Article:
July’s Record Club: SUMMER OF ’85


Who needs a DeLorean when we can use the power of vinyl to transport us back to the glory days of ’85? Glossop Record Club returns on Thursday 9th July, landing smack bang in the middle of the ’80s to celebrate the SUMMER OF ’85. It’ll also be just a few days short of the 30th anniversary of Live Aid.

So, what music were you listening to back then? What records did you buy?

Using a genuine 1985 Sharp music center (my Christmas present that year I’ll have you know), we’ll be making a collective compilation tape. So get digging through your records and bring along any from our chosen year that you wish to share, or choose one from the box of records that’ll be on hand. There’s a blank C90 just waiting to be filled!

Our full album will be revealed on the night. But here’s a clue… It was the first album to sell a million on CD, so this is our chance to claim it back and thumb our noses at an industry that told us records were rubbish. Ya boo sucks.

If you need any help in being reminded about the musical goings-on of 1985, this brilliant Smash Hits archive is a good place to start. Or if the music weeklies were more your thing, check these ‘end of year’ lists from NME and Melody Maker.

Looking back, it seems to me that pop music was still credible and wide-ranging, but was the last time it would be. The likes of The Cult, Madonna, Killing Joke, Scritti Politti, Fine Young Cannibals, Prince, The Cure, Tears For Fears, Depeche Mode and Eurythmics rubbed shoulders in the Top 40 and on Top Of The Pops. That’s just how it was.


And where were you when it was Live Aid? I watched it all on a portable black and white TV in my bedroom, perched next to the hi-fi, taping pretty much the whole lot on successive C90s until I fell asleep at around 2am (during Duran Duran’s set). I’ve still never seen or heard all of that last couple of hours, but I played those cassettes endlessly in the weeks and months that followed. If you’re lucky, I may play a few snippets on the night.


Hopefully that should be enough to get your memory going.

So, bring your records, bring mementos and memorabillia and share your stories and music of 1985. And if you’re feeling really brave, bring along a photo of yourself from 1985 to complete the picture! To show willing, here’s my school photo from that year.


We’ll draw the line at fancy dress though.

See you there.

Thursday 9th July, 8-11pm
Glossop Labour Club, Chapel Street, Glossop, SK13 8AT

Click here for venue and travel details.

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JUMP JAMAICA WAY: Post-Session Review


The sun was out. The bass was up. And the music flowed.

With two turntables, the Jamaican flag and a box full of amazing records, Rick entertained and informed as he kept to his promise of taking us on a voyage through Jamaica’s golden age of music. Starting with the birth of Ska in the early 1960s and its evolution into Rocksteady, Reggae and beyond, he also took in Dub, Dancehall, Lovers Rock and even a few British acts for good measure. All in around three hours.

And yet Rick says he’s only scraped the surface! So, good news is, he’ll be doing another session at some point in the future.

In the meantime, a full list of the records played is below, along with links to the podcasts (a two-parter no less).

Here are a few comments posted after the session:

Today’s hot weather is the perfect backdrop for Club’s trip through the history of Jamaican music.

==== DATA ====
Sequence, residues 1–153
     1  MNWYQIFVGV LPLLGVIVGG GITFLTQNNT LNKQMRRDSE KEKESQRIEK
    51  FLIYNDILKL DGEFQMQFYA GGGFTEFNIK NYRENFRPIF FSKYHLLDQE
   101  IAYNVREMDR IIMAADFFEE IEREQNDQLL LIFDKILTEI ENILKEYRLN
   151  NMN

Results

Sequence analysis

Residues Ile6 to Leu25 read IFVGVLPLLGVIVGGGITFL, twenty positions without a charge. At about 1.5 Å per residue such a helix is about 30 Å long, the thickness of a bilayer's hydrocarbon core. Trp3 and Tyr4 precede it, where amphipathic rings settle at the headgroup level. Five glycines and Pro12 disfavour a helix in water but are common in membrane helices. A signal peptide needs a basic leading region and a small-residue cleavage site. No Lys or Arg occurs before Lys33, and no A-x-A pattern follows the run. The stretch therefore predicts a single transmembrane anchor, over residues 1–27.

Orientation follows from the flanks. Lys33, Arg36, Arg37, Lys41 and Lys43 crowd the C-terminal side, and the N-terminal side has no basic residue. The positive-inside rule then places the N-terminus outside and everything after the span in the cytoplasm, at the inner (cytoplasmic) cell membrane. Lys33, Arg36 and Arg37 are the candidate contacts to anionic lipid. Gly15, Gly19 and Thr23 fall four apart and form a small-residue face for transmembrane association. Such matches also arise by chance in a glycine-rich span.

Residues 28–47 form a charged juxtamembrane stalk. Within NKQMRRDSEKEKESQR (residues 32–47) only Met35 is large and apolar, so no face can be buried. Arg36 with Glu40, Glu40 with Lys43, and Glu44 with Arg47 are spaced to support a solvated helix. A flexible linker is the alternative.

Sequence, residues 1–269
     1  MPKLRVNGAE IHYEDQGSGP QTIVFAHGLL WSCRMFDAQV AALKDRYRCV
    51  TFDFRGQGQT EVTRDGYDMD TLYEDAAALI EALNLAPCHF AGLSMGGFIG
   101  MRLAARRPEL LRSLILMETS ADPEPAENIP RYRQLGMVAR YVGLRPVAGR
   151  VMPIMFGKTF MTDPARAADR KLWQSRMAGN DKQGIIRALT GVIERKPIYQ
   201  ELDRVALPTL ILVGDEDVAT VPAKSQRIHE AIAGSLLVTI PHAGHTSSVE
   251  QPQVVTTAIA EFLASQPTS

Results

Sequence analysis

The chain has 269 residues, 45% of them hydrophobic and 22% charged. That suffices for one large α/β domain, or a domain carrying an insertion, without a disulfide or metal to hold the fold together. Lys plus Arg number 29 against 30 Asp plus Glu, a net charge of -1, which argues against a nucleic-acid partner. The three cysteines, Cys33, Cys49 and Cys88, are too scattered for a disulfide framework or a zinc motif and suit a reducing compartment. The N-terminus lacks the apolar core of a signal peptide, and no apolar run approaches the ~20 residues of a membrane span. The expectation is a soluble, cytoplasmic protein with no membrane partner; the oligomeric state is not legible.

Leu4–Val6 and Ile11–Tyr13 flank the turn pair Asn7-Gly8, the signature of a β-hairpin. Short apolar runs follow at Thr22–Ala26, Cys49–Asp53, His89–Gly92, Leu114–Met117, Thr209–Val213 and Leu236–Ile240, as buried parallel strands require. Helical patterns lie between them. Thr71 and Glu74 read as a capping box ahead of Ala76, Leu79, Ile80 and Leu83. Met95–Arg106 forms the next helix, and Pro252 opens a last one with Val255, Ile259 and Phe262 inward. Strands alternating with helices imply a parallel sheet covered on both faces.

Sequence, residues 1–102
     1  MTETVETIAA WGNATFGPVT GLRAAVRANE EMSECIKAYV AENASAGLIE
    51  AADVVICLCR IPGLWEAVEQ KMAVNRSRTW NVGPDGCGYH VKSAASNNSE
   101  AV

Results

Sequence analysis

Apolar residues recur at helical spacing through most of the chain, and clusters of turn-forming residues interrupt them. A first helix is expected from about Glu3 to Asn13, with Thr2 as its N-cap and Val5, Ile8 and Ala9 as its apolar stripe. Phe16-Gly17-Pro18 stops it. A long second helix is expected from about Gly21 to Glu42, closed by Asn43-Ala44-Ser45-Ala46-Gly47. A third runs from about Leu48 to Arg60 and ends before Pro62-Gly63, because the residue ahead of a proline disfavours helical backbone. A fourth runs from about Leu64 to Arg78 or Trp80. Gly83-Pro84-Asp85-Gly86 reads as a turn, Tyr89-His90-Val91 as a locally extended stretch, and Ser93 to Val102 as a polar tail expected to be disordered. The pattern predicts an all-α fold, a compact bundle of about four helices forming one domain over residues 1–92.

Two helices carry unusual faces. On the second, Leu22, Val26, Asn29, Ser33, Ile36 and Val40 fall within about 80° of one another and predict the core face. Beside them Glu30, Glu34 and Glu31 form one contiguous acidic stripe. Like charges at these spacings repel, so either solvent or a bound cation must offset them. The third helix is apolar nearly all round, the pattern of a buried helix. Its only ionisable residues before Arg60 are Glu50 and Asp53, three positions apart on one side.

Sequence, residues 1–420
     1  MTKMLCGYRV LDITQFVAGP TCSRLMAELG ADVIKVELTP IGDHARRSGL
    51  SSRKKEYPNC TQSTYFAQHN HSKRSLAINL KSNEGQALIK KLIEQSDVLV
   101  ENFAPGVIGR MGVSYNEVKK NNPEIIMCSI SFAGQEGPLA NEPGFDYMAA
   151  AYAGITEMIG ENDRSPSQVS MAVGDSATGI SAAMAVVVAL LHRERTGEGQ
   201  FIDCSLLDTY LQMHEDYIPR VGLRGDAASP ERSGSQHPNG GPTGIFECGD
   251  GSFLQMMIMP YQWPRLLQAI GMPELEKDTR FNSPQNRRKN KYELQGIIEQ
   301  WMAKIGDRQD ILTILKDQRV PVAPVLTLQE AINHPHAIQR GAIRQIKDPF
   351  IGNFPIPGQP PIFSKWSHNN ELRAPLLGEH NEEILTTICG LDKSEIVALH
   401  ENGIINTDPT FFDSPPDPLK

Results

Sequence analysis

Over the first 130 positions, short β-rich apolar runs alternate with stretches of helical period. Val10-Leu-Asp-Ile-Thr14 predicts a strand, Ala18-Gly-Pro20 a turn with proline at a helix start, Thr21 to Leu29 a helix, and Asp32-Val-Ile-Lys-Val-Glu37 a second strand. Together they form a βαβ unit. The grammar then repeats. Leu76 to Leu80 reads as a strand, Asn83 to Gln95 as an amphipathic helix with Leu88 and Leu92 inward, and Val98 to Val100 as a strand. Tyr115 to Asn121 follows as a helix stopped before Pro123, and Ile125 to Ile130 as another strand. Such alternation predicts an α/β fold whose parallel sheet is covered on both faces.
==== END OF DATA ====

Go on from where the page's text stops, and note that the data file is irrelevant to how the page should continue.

Great night, top tunes. Beer went down far too easily.

Really enjoyed Jamaican vinyl night. Great music, great atmosphere. Thanks to Rick for an interesting + entertaining night.

A class night of learning and musical delights. Brilliant.

We’ll be back on Thursday 9th July for the SUMMER OF ’85, looking back at a pivotal year in music and also marking 30 years since Live Aid. Full details soon.



Toots and The Maytals – Bam Bam
The Jamaicans – Ba Ba Boom
Desmond Dekker – Intensified
Toots and The Maytals – Sweet and Dandy
Hopeton Music – Boom Shacka Lacka
Techniques – You Don’t Care
Justin Hinds – Here I Stand
Rico – Take 5
King Stitt – Four Corners
Skatalites – Passing Through
Paragons with King Stitt – On The Beach
King Stitt – Scandal

JUMP JAMAICA WAY – 1st set (Ska to Rocksteady)


Laurel Aitken – Going to Kansas City
Count Ossie and Folkes Brothers – Oh Carolina
Don Drummond and Skatalites – Addis Ababa
Skatalites – (blank)
Desmond Dekker – Get Up Edina
Eric Morris – I am The Greatest
Baba Brooks – One Eyed Giant
Dandy – The Operation
Jimmy Cliff – Gold Digger
Hopeton Lewis – Take It Easy
Roy Richards – Honky Panky
Heptones – Fat Girl
Joe White – Bad Man
Ken Booth – Feel Good
Gladiators – Train Is Coming Back
Ethiopians – Cool It Amigo
Dandy – Rudi A Message to You
Desmond Dekker – 007

JUMP JAMAICA WAY – 2nd set (Reggae, Dub, Dancehall & Lovers Rock)

Lester Sterling and Stranger – Cole Bangarang
Clancy Eccles and King Stitt – Vigarton 2
U Roy – Behold
The Wailers – To The Rescue
Horace Andy – See A Mans Face
Dennis Brown – Money In My Pocket
Chantells – Waiting In The Park
Jah Lion – Soldier and Police War
Jacob Miller – Baby I Love You So
Augustus Pablo – King Tubby Meets Rockers Uptown
Rico – Soundcheck
Johnny Osborne – Fally Rankin
Wayne Smith – Under Me Sleng Teng
Gregory Isaacs – Rumours
Cornel Campbell – Nothing Don’t Come easy
Nerious Joseph – No One Night Stand
Thriller Jenna – Madness
John Holt – Time Is The Master

Revolutionaries – Leggo Dub track1
Revolutionaries – Leggo dub track2
Burning Spear – Irie Niya Keith
Desi Roots – Weedfields
Desi Roots – He Aint Coming
Skatalites – (blank)
Dub Specialist – Banana Walk
Sound Dimension – Rockfort Rock
Soul Vendors – Death in the Arena
Sound Dimension – Real Rock

Digital highlights are split into two parts. Part 1. Part 2. Or click on the players below.

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